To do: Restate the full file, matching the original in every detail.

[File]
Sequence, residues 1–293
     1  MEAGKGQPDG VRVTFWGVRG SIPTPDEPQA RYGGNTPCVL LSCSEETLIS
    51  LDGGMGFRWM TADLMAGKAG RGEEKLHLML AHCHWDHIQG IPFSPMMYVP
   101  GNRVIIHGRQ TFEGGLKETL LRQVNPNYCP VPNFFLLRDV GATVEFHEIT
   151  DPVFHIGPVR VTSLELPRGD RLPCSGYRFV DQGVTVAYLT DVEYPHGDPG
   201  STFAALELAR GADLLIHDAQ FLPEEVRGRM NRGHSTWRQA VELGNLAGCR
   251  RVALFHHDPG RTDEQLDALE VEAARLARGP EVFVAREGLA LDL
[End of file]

Sequence, residues 1–293
     1  MEAGKGQPDG VRVTFWGVRG SIPTPDEPQA RYGGNTPCVL LSCSEETLIS
    51  LDGGMGFRWM TADLMAGKAG RGEEKLHLML AHCHWDHIQG IPFSPMMYVP
   101  GNRVIIHGRQ TFEGGLKETL LRQVNPNYCP VPNFFLLRDV GATVEFHEIT
   151  DPVFHIGPVR VTSLELPRGD RLPCSGYRFV DQGVTVAYLT DVEYPHGDPG
   201  STFAALELAR GADLLIHDAQ FLPEEVRGRM NRGHSTWRQA VELGNLAGCR
   251  RVALFHHDPG RTDEQLDALE VEAARLARGP EVFVAREGLA LDL